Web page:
Winning Summary Suspension | Illinois DUI

Quick fact: percentage of summary suspensions rescinded in Illinois courts

by Sami Azhari on June 3, 2011

Each year, the Secretary of State releases a DUI Fact Book explaining the law and number of arrests for driving under the influence in Illinois. The Secretary compares these figures for each county, as well as year-over-year.

The Secretary also tracks the reasons why statutory summary suspensions are rescinded. For instance, a record is made whenever a summary suspension is rescinded for these reasons:

  • Not properly placed under arrest.
  • Improper warnings.
  • No reasonable grounds.
  • No refusal.
  • Test was not 0.08 or more.
  • Officer failed to answer defendant’s subpoena.
  • Other.

The issues in a summary suspension hearing are restricted. On the other hand, the burden of proof is low. In this respect, the law on summary suspension hearings is good and bad.

How often can the person arrested for DUI win a summary suspension hearing and have the suspension rescinded?

According to the Secretary of State, the answer is, not often.

“About 17 percent of the 48,113 statutory summary suspensions processed in 2007 and 2008 were rescinded.” – Secretary of State 2010 DUI Fact Book

Only 17 percent. But this statistic is misleading. You have to take into account that among DUI offenders, many are indigent and cannot afford the services of a private attorney. For these individuals, the judge will appoint the public defender.

The appointment of counsel by the court is guaranteed under the 6th Amendment to the Constitution. Basically, it says that a defendant cannot be prosecuted for a crime unless he is represented by counsel (or he waives representation). It is a matter of fairness. But the appointment of the public defender is limited to defending the client against the criminal charges.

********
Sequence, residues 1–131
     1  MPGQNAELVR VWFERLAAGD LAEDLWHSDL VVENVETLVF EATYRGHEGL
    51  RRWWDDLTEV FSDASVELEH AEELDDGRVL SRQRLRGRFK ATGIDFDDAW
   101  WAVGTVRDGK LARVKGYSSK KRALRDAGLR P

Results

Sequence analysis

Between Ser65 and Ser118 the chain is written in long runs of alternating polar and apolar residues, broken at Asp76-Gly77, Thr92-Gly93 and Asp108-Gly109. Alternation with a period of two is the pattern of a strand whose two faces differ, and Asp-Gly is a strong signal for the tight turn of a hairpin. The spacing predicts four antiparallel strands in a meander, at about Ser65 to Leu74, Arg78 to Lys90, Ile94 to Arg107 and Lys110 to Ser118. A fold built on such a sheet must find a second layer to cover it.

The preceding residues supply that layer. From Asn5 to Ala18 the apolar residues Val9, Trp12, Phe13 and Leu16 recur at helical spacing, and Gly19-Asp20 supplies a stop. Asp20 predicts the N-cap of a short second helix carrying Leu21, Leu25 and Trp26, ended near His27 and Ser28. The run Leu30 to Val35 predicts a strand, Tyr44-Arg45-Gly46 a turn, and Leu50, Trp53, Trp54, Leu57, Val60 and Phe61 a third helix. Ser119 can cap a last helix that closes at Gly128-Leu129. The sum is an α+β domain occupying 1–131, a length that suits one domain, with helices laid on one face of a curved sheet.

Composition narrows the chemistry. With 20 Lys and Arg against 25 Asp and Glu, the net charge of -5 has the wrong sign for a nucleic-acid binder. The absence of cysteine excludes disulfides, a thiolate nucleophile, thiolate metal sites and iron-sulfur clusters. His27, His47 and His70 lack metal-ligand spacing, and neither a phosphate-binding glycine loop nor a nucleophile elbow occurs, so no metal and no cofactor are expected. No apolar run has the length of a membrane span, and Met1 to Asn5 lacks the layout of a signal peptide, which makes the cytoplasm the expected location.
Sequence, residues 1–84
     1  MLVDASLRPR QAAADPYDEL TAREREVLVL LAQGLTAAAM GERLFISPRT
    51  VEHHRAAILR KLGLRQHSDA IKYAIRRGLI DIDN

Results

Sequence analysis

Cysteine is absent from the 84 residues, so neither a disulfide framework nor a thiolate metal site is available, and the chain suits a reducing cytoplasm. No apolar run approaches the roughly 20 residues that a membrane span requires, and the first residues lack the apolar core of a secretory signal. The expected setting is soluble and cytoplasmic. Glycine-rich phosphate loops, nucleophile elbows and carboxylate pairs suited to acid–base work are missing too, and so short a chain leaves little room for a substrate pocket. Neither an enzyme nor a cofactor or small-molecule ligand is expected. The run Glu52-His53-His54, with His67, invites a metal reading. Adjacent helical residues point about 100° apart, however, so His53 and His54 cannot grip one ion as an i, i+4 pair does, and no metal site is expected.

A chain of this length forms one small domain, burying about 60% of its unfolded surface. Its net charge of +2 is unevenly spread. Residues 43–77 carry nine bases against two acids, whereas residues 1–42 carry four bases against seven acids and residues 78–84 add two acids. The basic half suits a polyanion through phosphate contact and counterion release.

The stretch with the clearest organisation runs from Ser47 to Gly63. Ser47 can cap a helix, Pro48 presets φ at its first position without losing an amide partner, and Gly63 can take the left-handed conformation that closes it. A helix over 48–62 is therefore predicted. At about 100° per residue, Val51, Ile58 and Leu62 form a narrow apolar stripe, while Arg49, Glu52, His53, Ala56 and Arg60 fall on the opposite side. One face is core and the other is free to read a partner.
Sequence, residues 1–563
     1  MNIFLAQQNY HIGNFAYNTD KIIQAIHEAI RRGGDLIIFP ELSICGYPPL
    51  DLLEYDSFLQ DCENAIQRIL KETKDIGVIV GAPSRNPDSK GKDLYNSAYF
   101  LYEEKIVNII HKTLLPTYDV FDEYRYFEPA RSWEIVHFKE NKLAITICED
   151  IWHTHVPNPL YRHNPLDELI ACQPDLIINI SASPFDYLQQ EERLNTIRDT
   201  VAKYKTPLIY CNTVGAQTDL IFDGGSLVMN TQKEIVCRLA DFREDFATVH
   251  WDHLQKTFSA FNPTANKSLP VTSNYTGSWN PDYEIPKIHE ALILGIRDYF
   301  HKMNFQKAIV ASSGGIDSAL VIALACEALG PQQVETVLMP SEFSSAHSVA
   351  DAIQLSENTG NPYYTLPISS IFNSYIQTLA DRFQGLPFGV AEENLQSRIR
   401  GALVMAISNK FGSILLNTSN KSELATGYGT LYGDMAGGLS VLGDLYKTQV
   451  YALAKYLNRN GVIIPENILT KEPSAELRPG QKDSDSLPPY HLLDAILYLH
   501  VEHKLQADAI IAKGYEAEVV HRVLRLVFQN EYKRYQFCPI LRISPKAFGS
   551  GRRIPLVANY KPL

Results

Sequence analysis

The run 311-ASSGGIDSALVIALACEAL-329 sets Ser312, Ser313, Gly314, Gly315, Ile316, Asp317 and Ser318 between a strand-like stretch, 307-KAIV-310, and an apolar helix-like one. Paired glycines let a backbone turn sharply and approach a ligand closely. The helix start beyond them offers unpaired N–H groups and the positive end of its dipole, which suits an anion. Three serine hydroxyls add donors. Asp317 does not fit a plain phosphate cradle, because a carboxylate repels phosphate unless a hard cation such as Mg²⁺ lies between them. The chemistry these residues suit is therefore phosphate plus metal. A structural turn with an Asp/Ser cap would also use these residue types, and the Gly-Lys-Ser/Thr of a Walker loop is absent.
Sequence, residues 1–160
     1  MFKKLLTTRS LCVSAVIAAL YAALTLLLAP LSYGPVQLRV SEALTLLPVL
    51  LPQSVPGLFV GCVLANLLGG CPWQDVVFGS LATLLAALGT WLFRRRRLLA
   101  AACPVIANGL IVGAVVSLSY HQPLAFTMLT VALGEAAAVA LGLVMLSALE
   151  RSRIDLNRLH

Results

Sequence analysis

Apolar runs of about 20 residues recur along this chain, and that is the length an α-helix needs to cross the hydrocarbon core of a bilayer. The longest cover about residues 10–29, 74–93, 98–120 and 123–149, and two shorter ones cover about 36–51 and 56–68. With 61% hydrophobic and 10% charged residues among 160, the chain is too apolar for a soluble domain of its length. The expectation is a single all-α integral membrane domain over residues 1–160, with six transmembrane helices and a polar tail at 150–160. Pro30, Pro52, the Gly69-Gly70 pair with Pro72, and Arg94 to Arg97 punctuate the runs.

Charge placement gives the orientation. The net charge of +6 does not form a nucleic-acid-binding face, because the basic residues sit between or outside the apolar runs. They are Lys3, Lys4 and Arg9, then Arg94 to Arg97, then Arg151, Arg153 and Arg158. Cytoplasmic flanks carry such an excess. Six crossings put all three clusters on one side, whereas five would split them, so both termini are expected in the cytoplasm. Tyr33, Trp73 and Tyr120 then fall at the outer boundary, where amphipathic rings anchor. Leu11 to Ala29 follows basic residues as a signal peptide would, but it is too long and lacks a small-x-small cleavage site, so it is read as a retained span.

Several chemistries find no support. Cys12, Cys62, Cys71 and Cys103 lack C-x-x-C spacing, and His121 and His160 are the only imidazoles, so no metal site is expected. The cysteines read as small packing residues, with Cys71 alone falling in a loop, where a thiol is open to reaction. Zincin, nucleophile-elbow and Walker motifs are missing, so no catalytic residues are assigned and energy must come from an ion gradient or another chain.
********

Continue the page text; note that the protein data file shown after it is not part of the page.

The summary suspension is a civil matter, and so, the public defender is not appointed by the court to assist the defendant with the suspension. There is no guarantee of legal counsel with regard to civil cases.

The result is that only about 0.1 percent of public defender clients ever contest the summary suspension. If a courtroom appoints the public defender in 33 – 50 percent of cases, then this is a huge number of people who don’t fight the suspension.

I believe this partially explains the low number of suspensions that are rescinded. The truth is that summary suspension hearings can be won. I’ve been able to win the summary suspension on more than 50 percent of my cases.

So don’t take the Secretary of State’s word for it. You can win these cases.

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